A Bleak Economy and a Lack of Solutions
Making a prediction that employment trends won’t turn around in Rhode Island until the end of 2011 or 2012, John Kostrzewa included a couple of points in his column, yesterday, that merit further thought:
While [Northeastern University labor economist Paul] Harrington argued that Rhode Island’s education system helped get the state in trouble, it can also be the path to recovery.
That will require developing an educational system that prepares students for the workplace by teaching the skills needed to land a job. A skilled work force will attract employers, who are always looking for pools of qualified people to design and build their products or deliver their services.
The difficulty is that you can’t keep workers without having jobs for them to fill. Especially with Kostrzewa and my shared expectation that Rhode Island will trail the country in recovery, the likelihood would seem to be that skilled workers will exit the state in search of jobs. If the state takes the attitude that it will build the workforce and jobs will come, it will likely find itself investing in education that ultimately benefits other states’ economies, actually delaying our own.
This ties in with another point at which Kostrzewa and I diverge:
The real hard work is going to be focusing the state’s leaders, their efforts and resources on figuring out the type of jobs that could come to Rhode Island and then crafting the courses and training sessions that match the workers with the jobs.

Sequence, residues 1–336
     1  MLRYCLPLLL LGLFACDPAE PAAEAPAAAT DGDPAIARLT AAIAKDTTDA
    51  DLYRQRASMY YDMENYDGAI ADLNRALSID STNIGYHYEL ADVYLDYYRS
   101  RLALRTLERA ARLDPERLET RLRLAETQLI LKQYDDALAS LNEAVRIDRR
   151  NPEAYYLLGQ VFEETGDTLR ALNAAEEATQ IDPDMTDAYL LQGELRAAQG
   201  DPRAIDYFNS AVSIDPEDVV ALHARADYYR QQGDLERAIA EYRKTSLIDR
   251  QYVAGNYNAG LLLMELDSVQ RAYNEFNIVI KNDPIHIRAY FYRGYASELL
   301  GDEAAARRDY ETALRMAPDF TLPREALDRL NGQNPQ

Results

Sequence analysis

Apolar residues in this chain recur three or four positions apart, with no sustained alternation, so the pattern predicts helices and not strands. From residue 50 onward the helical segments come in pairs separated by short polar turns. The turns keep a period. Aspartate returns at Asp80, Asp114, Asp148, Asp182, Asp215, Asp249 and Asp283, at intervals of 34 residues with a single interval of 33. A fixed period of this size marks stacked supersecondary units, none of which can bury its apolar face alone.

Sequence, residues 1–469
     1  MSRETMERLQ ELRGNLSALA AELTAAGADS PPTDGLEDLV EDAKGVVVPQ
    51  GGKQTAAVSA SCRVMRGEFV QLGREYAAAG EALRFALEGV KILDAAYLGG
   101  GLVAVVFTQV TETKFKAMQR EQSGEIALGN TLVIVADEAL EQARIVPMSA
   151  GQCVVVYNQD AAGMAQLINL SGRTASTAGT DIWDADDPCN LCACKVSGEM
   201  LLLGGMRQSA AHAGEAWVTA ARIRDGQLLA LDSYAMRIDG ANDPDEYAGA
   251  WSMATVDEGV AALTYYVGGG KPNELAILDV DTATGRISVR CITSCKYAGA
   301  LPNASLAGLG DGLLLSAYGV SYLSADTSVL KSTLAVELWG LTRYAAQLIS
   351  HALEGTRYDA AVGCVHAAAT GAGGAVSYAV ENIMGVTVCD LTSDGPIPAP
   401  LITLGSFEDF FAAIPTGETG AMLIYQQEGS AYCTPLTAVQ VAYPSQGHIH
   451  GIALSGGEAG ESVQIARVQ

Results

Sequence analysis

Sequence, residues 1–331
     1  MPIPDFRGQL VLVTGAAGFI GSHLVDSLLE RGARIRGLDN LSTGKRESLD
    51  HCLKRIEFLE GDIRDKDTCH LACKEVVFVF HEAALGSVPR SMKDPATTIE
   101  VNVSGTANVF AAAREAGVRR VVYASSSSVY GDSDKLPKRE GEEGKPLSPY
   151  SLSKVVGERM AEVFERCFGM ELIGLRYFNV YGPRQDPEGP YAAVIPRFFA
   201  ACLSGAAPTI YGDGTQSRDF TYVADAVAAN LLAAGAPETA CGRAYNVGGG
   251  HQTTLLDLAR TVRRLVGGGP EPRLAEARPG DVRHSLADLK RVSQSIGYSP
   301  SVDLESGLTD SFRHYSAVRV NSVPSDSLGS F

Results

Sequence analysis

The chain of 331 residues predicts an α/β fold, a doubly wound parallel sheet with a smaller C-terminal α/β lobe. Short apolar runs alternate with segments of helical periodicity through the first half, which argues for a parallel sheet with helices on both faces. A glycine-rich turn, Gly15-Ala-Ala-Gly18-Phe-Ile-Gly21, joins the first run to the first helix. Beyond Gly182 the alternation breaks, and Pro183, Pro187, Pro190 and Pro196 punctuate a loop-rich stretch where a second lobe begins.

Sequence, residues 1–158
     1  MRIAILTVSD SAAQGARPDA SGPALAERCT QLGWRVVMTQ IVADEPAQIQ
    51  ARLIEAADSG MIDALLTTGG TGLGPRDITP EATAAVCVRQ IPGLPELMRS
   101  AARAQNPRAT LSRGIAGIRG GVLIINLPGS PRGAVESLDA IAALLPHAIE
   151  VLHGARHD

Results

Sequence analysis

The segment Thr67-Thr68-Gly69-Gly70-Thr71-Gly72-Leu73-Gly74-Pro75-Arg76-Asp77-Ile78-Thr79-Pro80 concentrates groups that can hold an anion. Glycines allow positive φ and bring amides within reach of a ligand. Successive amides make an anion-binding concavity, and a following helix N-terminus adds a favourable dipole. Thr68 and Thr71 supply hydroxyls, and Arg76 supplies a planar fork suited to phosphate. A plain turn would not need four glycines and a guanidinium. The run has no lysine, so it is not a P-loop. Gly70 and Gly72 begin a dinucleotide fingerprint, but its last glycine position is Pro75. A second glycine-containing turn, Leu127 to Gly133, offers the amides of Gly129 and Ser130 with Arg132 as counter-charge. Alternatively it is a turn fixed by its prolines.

It’s a huge undertaking.
But it’s an absolute must if Rhode Islanders are going to have a future that is better than their recent past.
Put flatly, I don’t trust our state’s leaders to find a future direction for Rhode Island’s economy. If that were their competency, they’d be leaders of industry, not of a lagging political entity. They won’t find the proper balance between citizen expectations, special interests, and economic health. Instead, they’ll spin special interests’ desires in such a way as to pervert citizen expectations with a false promise of an improved economy.
What we need — all we need — is for the state government to withdraw from the economy over which it presides. We need lower taxes, less regulation, fewer mandates, and a focus on improved infrastructure. Clean off the runway, and the businesses that are a good match for Rhode Island will land here — having done the homework that survival necessitates.
See, businesses need a rolling economy to survive. Politicians just need votes, and with our corrupted philosophy of government, votes are solidified in several instances when the population is uncomfortable, even panicked.